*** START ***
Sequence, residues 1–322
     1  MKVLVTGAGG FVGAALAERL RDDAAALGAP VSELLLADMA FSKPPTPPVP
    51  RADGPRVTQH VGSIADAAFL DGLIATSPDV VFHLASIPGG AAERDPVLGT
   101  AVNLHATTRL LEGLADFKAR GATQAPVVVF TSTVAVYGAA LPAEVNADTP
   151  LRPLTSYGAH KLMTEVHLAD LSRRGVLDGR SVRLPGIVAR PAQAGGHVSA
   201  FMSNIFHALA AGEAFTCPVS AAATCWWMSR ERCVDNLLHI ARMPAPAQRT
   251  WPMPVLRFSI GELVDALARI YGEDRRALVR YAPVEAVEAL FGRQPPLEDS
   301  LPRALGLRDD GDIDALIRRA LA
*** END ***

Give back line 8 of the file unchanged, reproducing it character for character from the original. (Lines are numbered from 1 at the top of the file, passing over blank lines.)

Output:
   301  LPRALGLRDD GDIDALIRRA LA